With 8:57 remaining in last night's game, the fans were on their feet, roaring. Music was blaring. That's because there was a timeout -- and T-shirts were flying into the stands.
The Celtics, meanwhile, were down, 81-59, at the time, en route to a numbing, humbling, you-really-wanna-meet-these-guys-in-the-first-round? 99-81 spanking administered by the conference-leading Pacers. It was the second straight loss during this Chinese Water Torture of a week for John Carroll & Co., and dropped Boston, for 24 hours anyway, out of the playoff picture.
Maybe that's a good thing, given what we saw last night. This would not be a pretty matchup at 1 vs. 8. Indiana overwhelmed the Celtics in the middle two quarters; Carroll repeatedly used the word "dissect" as if the Celtics were a dead frog and the Pacers were bio students. Old friend Reggie Miller led five players in double figures with 18 points as Indy won its seventh straight and remained neck-and-neck with Sacramento for the best record in the league.
The Celtics, meanwhile, will finish a five-games-in-seven-days week tonight against Washington. They are 2-2 so far and, Carroll said, "Our goal, is to win by 1 point in Washington. If we could do that, I would consider this to be a successful week. It's a grind. This is probably the hardest week that we've had all season."
This game was the first blowout of the week -- and was decided in a 17-minute stretch, the final five minutes of the second quarter and all of the third. The Pacers were a plus-19 over that span, and then continued to crush the hosts in what turned out to be a garbage-time fourth quarter.
"It's like a painful death," said Carroll. "As soon as you stop playing a perfect game, they dissect you. That's what they did . . . We're not going to go out and beat the Lakers or the Pacers if we're not playing on all cylinders. And we weren't."
Chucky Atkins fell on the grenade afterward, blaming himself for the team's sputtering, erratic offense and its overall timidity. He feels it's a point guard's job to get the engine going and he said he was not up to the task.
"I'll take full responsibility," Atkins said. "I wasn't aggressive. I make the team go, but I was really passive out there and it allowed them to lock into our plays. We have to get it back."
Atkins had plenty of coconspirators. The only bright light for the Celtics came when Paul Pierce (21 points) notched his 10,000th point with a second-period jumper. Later that quarter, a Jiri Welsch jumper tied the game, 38-38, erasing an early 12-point hole, and giving the Celtics some reason for hope.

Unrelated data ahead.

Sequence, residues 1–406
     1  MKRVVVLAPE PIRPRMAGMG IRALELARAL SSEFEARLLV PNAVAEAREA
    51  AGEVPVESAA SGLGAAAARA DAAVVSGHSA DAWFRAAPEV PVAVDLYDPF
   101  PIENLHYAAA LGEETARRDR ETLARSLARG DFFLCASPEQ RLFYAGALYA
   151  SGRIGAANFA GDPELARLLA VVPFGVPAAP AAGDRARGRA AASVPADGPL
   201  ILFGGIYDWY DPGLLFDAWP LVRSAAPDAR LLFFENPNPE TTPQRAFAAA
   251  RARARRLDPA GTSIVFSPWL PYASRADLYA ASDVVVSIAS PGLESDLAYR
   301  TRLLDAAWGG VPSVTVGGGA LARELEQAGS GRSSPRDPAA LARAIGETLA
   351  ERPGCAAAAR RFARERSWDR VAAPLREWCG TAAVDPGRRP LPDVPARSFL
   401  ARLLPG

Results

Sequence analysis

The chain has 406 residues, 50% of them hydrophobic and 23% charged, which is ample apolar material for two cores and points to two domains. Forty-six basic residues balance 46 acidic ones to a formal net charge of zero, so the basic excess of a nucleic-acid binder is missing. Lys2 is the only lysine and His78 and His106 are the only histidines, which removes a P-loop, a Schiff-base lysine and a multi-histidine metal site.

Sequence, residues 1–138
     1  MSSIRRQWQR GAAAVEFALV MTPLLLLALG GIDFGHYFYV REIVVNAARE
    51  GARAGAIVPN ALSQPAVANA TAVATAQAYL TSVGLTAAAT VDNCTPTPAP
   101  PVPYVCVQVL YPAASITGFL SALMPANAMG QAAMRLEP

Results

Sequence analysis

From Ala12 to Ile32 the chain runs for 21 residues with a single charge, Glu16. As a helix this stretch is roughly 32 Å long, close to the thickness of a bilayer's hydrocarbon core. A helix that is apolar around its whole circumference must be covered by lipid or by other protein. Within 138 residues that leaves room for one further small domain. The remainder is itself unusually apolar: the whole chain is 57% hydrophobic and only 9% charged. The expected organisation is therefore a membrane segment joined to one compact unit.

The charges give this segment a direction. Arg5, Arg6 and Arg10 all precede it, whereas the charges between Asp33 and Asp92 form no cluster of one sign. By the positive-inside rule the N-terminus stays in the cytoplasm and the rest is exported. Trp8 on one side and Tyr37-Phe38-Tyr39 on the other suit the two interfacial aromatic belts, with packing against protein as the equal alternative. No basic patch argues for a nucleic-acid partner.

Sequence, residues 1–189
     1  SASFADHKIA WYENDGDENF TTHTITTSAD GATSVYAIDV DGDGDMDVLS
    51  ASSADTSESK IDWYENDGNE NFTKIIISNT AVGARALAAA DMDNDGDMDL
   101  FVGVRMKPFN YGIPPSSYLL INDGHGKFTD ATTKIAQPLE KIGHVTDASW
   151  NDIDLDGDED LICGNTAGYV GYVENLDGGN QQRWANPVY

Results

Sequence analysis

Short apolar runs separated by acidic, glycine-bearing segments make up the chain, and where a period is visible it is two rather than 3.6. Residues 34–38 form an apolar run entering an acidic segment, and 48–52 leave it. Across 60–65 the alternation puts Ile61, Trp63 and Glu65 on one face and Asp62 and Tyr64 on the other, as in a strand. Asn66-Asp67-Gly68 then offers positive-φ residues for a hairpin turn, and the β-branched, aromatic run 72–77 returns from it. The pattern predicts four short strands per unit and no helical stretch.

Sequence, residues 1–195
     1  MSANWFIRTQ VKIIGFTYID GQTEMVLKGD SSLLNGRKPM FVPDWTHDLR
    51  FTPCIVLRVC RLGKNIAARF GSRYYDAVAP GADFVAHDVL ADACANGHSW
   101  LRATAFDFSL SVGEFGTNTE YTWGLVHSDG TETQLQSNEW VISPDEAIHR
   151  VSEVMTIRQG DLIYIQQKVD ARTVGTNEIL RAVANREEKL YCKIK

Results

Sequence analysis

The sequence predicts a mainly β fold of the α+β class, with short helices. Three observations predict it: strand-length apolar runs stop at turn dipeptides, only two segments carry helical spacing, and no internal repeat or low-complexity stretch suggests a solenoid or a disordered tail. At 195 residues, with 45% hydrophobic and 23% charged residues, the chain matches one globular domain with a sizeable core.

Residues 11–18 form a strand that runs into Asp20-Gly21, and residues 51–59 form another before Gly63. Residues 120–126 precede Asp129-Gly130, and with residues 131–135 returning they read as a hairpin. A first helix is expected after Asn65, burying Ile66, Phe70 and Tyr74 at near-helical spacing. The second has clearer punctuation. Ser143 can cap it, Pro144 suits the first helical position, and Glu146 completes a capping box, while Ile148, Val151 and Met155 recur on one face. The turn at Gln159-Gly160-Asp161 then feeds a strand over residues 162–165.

They then went the final 4 minutes 57 seconds of the first half without a basket (botching their final 11 possessions) and scoring only 1 point, that on a Pierce technical foul shot. Indiana closed with a 10-1 run (Ron Artest had 7 of his 10 in that span), resulting in a 48-39 lead at the break. The Pacers shot 54 percent in the half (and 50.7 percent in the game).
The Pacers then broke the game wide open in the third quarter. The Celtics got rolled to the tune of 16-5 over the first 5:39, the result being a 20-point deficit (64-44). The chief culprit was the redoubtable Miller. He had 10 points in the run, including a pair of treys that harkened back to the days of yore. One of them was on a second-chancer. The other was a desperation parabola from the corner to beat the shot clock. It felt like a 5-pointer.
The Celtics shot 4 of 17 in the period and were down, 72-53, after three. And the Pacers were doing all this damage with their two All-Stars, Artest and Jermaine O'Neal, each shooting 3 of 11 from the field. O'Neal, who leads the Eastern Conference with 38 double-doubles, didn't get one last night. He had only 8 points and 5 rebounds in 28 minutes. He did have four blocks.
"We're a team that's so deep," O'Neal said, "it takes a lot of pressure off us. When I shoot 3 for 11, and Ron shoots 3 for 11, and we still win almost by 20, that's the way we want to do this. We've got guys [on the bench] who could be starters on other teams."
The fourth quarter was played only because the rules so stipulate. The Pacers quickly blew the lead out to 24 and the Celtics never got closer than 16 the rest of the way. Suddenly, the thought of a late-night flight to Washington and a game tonight against the Wizards seemed like about the best thing that could possibly happen.